Other forms of actively directed, conscious will also play significant roles in the spiritual path. We practice inhabiting our body, actively putting ourselves in our body, being in our body. In the exercise of agency, we practice doing what we are doing, being engaged in what we do, participating as and being the one who lives our life. In energy breathing, we reach out with our will into the air surrounding us and draw the energy there back into us, into our inner body.

Receptively directed will, using the conscious energy, allows us to see the truth, to see into things with simple and direct clarity. We see our thoughts as thoughts and our emotions as emotions; we know them for what they are. Likewise, we know ourselves. We know our mixed motivations, our associative thinking, our reactive and conflicting emotions, and our lack of consideration for others or for our own true welfare. And we know our strengths, our integrity, and our aspirations. We see people as people, not as cardboard cutouts or animate objects, but as people like we are. All these forms of true seeing depend on will, on our willingness to see what is, on our will being receptively directed toward what we see.

When our body, mind, and heart together recognize and accept a particular course of action that we have bound ourselves to take, that is commitment: conscious will receptive to a decision we have already made. This is being responsible, honoring our commitments and keeping our word, even to ourselves. Despite our reluctance, inconvenience of the moment, or any contrary preference, we accept and follow the course to which we are committed. Such commitments may be to other people, to our job, to our body, to our future, to the environment, to spiritual practice, or to some other personal discipline. We reaffirm our acceptance of it and stay the course. This is conscious, receptive, directed will as commitment.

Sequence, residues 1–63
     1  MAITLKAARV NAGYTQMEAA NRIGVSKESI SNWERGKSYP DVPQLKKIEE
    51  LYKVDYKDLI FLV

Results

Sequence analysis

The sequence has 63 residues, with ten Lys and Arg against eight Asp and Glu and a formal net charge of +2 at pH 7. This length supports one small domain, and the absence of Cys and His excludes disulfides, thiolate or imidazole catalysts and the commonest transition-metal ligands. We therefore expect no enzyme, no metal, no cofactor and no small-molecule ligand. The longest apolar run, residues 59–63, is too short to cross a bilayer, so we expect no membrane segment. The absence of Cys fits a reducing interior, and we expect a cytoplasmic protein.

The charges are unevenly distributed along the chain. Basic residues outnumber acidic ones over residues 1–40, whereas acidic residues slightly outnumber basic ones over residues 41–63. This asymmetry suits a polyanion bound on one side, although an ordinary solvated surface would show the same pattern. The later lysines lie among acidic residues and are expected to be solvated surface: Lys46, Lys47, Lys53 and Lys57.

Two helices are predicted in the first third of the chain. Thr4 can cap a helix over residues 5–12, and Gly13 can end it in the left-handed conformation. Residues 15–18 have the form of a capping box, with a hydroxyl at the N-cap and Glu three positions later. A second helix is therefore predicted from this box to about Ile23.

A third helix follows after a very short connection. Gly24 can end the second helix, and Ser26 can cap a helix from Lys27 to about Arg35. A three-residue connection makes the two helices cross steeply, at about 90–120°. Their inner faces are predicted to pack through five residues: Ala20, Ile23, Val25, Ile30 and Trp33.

When our will engages the conscious energy, our decisions become effective. In this synergic mode of will, we receptively see the relevant possibilities, limitations, and obstacles, and we actively select and affirm a course of action that is within our power. We do this from our center, from the core of our self. The difference between deciding and choosing derives from the difference between the conscious and sensitive energies. The conscious energy supports a much greater power of the will than do the sensitive energies. Unless they have irreversibly altered our situation, choices may be easily forgotten or reversed. Decisions stick. Why? Because the conscious energy enables us to act from the whole of ourselves. This is not just a passing thought that says “I will…” All our parts cooperate. Our body, mind, and heart agree and subsume themselves under the unified umbrella of our will, our decider, our I. Then we can and actually do what we have decided to do, whether a minor decision, a major one, or special ones, like promises or vows.

For this week, notice and practice consciously directed will. Practice attention. Notice when you are seeing into the heart of things. Notice when you are committed to a course of action. Make your decisions effective and notice them. In all of this, seek to acquire the taste of consciously directed will.

See also: Conscious Presence